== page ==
I was recently asked by a customer to explain some of the vSphere 6.5 features that would be interesting for his environment. I knew the environment so I pointed out some things that 6.5 does better than the currently installed 6.0. One of those things I mentioned was the automated adjustment of the resource percentage in the HA admission control settings.
Our customers sometimes call us in to check their environment. Because this happens quite often we created a basic checklist on what checks we do when we start. One of those checks is a cluster-usage assessment. This helps us further down the road when advising the customer in ways to improve the resilience of his infrastructure.
One of our customers had a problem with VMs losing network connectivity while the backup was running. Their backup solution was based on VMware snapshots. After the end-users complained about a service not being responsive they investigated and found out that during the creation of the snapshot they lose the pings.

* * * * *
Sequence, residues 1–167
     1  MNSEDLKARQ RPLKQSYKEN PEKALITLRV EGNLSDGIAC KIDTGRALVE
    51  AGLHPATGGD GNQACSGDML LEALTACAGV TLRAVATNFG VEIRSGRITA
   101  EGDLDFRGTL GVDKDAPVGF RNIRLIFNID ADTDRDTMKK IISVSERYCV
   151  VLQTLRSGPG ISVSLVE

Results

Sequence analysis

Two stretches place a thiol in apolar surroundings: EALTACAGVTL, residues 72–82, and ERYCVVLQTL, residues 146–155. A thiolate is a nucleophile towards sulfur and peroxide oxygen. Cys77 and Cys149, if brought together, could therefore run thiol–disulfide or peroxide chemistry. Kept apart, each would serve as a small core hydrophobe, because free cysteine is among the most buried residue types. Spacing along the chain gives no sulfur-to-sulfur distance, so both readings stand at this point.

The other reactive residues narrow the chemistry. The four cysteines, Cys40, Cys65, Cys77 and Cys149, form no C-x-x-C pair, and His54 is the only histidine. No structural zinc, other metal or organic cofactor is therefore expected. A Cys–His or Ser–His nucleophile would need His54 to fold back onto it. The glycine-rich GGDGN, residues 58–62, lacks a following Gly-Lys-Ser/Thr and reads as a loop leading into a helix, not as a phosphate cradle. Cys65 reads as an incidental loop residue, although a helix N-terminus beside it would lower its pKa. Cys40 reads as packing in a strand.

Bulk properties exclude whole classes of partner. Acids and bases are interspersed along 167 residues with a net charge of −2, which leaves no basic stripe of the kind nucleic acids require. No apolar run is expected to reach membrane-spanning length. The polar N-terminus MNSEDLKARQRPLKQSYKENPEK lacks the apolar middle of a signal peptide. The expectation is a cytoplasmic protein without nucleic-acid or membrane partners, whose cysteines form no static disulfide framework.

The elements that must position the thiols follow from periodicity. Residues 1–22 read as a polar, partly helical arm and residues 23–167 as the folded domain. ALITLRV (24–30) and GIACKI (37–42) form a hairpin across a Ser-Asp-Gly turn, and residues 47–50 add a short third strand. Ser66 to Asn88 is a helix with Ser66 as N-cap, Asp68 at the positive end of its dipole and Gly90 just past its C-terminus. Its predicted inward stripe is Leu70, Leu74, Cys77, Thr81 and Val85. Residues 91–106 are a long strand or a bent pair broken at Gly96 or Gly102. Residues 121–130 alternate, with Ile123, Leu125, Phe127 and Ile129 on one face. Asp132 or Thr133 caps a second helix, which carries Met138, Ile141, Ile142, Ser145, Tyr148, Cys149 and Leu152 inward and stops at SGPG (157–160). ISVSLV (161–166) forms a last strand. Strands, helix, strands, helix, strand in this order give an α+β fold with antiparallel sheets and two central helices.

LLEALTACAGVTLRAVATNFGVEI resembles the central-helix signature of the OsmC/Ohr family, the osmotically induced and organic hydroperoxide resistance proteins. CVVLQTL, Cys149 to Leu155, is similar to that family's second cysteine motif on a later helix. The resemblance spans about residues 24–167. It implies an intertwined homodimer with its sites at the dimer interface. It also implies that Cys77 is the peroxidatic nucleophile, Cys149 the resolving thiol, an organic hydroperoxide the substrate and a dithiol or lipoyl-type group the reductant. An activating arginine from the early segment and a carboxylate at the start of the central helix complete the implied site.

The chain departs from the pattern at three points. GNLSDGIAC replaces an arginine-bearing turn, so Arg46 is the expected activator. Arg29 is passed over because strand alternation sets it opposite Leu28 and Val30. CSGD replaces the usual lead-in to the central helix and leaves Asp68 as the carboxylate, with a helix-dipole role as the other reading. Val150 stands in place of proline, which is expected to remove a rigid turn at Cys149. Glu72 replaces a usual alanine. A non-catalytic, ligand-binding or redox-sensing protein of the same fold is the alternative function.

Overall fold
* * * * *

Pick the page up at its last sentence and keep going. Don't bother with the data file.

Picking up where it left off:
In response they wanted to check how long the snapshots take on all of their VMs. Even though their environment was not very big, it would have been very tedious to gather this information manually. PowerCLI to the rescue!
Over the years and releases from VMware the best practices change sometimes. In the early days we had to set a lot of advanced settings to get a desired feature to run as it should or to make the VMware Admin’s life a little easier.
The thing about these settings is that you should check them with every release. Are they still required? Have they been deprecated? Is the behaviour still the same when they get set?
Recently I stumbled upon a stubborn vSphere Client at a customer. It just would not let me add a disk a VM. The error message was very generic (and was in the end fixed with a reboot) so I had to find a alternative: Here comes PowerCLI.
Recently I had the pleasure of doing a vSAN project for one of our customers. The project scale was very small but nonetheless very interesting.
The project scope was:
- 4 HPE ProLiant DL 380 Gen9 Servers
- Each had 6 SSDs (2x Cache @ 400 GB, 4x Capacity @ 1.92 TB)
- 1 vCenter Server Appliance
- Migration of VMs from existing environment (vSphere 5.5 on Gen6 hardware)
One of the things that regularly pops up in our health checks in VMware environments are connected CD Drives that prevent DRS from functioning properly or prevents a host from entering maintenance mode when doing thing like patching.
In large environments it can get very tedious to disconnect all those drives manually. With PowerCLI it is just one line.